need to know the history of the historian in order to understand the version that is
being put in front of us.’” (13)
“You might even ask me to apply my “theory” to myself and explain what damage I
had suffered a long way back and what its consequences might be: for instance,
how it might affect my reliability and truthfulness. I’m not sure I could answer this,
to be honest” (49).
A Personal History
“Even if you have assiduously kept records—in words, sound, pictures—you may
find that you have attended to the wrong kind of record-keeping. What was the line
Adrian used to quote? ‘History is that certainty produced at the point where the
imperfections of memory meet the inadequacies of documentation.’” (65)
“But I’ve been turning over in my mind the question of nostalgia, and whether I
suffer from it . . . But if nostalgia means the powerful recollection of strong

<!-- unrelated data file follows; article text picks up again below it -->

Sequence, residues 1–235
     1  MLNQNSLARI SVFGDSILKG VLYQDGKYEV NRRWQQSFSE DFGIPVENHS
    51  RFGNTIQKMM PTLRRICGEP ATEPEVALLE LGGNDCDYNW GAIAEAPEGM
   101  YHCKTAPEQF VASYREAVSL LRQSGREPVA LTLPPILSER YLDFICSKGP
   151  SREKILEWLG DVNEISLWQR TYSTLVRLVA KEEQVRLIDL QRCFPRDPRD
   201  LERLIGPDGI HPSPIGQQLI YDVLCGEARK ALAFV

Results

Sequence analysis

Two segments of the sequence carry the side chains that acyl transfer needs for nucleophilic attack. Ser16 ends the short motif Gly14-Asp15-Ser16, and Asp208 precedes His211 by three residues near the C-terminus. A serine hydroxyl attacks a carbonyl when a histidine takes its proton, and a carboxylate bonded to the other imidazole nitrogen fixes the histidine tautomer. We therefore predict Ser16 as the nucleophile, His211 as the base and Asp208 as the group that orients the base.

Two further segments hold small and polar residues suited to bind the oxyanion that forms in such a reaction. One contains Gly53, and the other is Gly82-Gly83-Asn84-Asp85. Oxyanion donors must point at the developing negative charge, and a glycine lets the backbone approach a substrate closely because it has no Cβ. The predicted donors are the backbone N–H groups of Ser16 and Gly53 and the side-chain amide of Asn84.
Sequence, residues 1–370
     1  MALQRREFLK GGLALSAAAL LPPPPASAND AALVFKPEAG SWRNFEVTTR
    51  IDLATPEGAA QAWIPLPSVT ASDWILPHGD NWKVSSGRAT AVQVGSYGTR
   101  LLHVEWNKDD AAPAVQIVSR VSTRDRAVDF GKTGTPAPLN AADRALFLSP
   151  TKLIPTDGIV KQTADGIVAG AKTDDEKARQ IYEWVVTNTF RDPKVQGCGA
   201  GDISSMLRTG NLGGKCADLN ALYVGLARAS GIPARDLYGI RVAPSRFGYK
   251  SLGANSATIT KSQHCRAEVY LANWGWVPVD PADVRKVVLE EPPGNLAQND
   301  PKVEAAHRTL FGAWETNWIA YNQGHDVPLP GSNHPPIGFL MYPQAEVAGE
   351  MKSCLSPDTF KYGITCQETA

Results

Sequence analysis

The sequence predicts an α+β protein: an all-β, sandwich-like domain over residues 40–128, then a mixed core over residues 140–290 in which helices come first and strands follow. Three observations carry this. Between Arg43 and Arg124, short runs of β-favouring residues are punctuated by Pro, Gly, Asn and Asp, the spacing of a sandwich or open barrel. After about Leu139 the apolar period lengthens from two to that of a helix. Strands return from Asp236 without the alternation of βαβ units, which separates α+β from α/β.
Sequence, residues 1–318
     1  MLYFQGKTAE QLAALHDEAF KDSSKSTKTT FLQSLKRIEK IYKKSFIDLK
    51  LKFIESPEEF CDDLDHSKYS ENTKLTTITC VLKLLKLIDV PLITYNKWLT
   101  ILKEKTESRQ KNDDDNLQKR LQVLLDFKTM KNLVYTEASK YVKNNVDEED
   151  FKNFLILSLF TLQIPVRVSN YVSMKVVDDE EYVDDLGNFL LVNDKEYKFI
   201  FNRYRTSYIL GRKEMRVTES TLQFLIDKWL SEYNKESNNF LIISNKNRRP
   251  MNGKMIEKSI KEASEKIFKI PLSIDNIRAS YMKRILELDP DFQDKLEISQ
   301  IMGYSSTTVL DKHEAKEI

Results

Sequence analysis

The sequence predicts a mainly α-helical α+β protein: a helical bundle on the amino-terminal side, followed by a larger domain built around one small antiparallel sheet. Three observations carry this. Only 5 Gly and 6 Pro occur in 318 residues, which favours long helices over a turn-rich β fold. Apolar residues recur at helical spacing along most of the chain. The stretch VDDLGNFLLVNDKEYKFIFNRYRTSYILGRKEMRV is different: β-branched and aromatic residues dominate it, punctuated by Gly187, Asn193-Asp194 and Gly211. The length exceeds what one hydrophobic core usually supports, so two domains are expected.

emotions—and a regret that such feelings are no longer present in our lives—then I
plead guilty. I’m nostalgic for my early time with Margaret, for Susie’s birth and
first years, for that road trip with Annie. And if we’re taking about strong feelings
that will never come again, I suppose it’s possible to be nostalgic about
remembered pain as well as remembered pleasure. And that opens up the field,
doesn’t it? It also leads straight to the matter of Miss Veronica Ford.” (89)
Character and Identity
“How often do we tell our own life story? How often do we adjust, embellish,
make sly cuts? And the longer life goes on, the fewer are those around to challenge
our account, to remind us that our life is not our life, merely the story we have told
about our life. Told to others, but—mainly—to ourselves” (104).
“Does character develop over time? In novels, of course it does: otherwise there